Testing your Authentication Deployment

 
 
By Ellen Siegel  |  Posted 2009-05-06 Print this article Print
 
 
 
 
 
 
 


Testing your authentication deployment

Now that you've got your sender authentication all set up, you will need to test it to make sure it's doing what you intend. A great way to do this is to use a testing tool called a reflector. To use a reflector, you send your authenticated message to the specified reflector e-mail address, and it will "reflect" back to you a message that tells you the state of your authentication (usually Pass, Fail or Neutral if there is no authentication information present).

There are a number of reflectors out there. You can see a list of some that support DKIM here. Sendmail's reflector is particularly useful because it returns results for all four types of authentication in the same reflector response message with just the basic status. The Port 25 reflector gives results for all four authentication types, and also includes details on the DNS records it finds in its verification. But it reflects to the Return-Path address so you may not be able to access the results unless you have help from your e-mail administrators.

Remember, it's all about reputation

It's important to remember that a valid authentication does not necessarily mean that the sender is legitimate or that the e-mail is permission based; many spammers use e-mail authentication too. Similar to the way that your driving record influences your insurance rates, most systems that do inbound authentication checking incorporate some kind of reputation checking mechanism before deciding how to process the message.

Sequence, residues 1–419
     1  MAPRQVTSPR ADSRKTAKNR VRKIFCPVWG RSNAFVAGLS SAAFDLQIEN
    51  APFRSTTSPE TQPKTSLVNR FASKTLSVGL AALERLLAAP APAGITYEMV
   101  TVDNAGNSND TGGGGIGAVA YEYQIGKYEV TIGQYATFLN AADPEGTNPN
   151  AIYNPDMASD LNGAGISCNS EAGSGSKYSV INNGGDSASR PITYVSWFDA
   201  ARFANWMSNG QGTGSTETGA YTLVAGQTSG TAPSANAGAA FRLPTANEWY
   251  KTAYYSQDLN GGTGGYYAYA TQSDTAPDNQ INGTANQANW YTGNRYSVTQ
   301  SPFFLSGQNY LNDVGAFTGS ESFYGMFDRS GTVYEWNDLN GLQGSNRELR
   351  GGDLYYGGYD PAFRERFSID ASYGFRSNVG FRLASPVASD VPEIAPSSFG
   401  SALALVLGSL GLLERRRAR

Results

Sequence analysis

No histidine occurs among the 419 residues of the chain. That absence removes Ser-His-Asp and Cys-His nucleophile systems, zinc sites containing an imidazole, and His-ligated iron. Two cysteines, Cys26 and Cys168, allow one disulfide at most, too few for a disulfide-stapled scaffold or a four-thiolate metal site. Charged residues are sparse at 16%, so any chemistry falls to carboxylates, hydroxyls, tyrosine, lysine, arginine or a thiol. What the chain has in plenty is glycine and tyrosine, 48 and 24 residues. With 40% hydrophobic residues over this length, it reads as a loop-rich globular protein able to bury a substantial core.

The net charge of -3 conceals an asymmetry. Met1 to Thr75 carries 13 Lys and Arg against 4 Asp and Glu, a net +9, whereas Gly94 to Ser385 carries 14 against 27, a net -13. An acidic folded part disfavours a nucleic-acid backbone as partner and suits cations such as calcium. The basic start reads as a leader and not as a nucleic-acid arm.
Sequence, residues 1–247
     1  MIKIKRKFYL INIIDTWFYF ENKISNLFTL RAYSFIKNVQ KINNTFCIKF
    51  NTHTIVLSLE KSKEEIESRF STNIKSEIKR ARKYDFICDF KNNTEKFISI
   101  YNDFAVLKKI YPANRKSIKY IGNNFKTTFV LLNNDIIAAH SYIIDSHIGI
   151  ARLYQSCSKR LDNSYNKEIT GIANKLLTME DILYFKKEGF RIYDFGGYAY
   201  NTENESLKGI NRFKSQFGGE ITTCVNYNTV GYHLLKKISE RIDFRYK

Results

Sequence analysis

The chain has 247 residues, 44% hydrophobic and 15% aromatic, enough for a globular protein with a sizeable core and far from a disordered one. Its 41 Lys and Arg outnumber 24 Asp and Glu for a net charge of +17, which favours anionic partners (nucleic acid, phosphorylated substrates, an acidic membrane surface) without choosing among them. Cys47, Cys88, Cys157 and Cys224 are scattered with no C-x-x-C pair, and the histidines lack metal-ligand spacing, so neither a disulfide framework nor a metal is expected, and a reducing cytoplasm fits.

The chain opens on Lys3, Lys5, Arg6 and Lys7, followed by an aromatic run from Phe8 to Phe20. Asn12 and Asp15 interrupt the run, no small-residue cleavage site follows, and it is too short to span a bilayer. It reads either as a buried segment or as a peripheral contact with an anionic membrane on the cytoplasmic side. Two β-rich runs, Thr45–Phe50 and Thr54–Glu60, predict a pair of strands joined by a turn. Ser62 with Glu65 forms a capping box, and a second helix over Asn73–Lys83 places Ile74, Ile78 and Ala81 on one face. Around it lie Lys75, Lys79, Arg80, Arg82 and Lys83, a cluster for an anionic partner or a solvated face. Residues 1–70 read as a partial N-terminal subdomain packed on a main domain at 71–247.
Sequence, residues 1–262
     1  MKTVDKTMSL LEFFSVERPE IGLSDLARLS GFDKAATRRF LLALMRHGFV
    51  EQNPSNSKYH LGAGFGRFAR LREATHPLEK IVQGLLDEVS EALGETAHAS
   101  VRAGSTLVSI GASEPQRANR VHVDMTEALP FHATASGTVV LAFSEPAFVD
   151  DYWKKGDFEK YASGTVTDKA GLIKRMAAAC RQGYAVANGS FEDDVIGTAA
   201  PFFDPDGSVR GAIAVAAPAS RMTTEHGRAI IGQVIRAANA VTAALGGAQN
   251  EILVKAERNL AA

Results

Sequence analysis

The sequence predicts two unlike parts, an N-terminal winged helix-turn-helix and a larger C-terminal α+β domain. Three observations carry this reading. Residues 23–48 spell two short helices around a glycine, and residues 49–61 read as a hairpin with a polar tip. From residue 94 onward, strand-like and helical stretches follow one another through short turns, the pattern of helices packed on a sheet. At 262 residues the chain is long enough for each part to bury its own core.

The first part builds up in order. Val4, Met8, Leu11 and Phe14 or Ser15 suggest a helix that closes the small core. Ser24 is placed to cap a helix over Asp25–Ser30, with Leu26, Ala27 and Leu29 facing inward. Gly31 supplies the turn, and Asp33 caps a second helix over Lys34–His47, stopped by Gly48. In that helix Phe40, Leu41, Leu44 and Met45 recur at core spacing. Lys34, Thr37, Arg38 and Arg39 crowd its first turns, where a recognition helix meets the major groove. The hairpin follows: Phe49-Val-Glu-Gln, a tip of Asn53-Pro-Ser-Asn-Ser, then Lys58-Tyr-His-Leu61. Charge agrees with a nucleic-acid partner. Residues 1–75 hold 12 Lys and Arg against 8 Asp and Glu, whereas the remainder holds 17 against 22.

The authenticated domain's past sending behavior (good, neutral or poor reputation) will be what really determines how an authenticated message is treated. Authentication adds the assurance that the collected reputation really belongs to the authenticated domain, so that reputation can neither be hijacked nor corrupted by a spammer that forges or spoofs the domain name.

Editor's Note: In Part 1 of her three-part series on e-mail authentication, Knowledge Center contributor Ellen Siegel shared a comprehensive, high-level overview of e-mail authentication. In Part 2, Ellen delved into the functionality and implementation details of Sender Policy Framework (SPF) and Sender ID authentication. Here, in Part 3, Ellen delved into the functionality and technical details of Domain Keys Identified Mail (DKIM).

 Ellen Siegel is Director of Technology and Standards at Constant Contact. With more than 20 years of experience in online communication technologies, Ellen works to define and drive the adoption of industry best practices and standards to help fight spam, support legitimate e-mail, and enable Constant Contact to serve the growing needs of small businesses and organizations.

Ellen is a board member and technical committee co-chair for the E-mail Sender and Provider Coalition (ESPC) and an active member of the Messaging Anti-Abuse Working Group (MAAWG). She can be reached at esiegel@constantcontact.com.



 
 
 
 
Ellen Siegel is Director of Technology and Standards at Constant Contact. With more than 20 years of experience in online communication technologies, Ellen works to define and drive the adoption of industry best practices and standards to help fight spam, support legitimate e-mail, and enable Constant Contact to serve the growing needs of small businesses and organizations. Ellen is a board member and technical committee co-chair for the E-mail Sender and Provider Coalition (ESPC) and an active member of the Messaging Anti-Abuse Working Group (MAAWG). She can be reached at esiegel@constantcontact.com.
 
 
 
 
 
 
 

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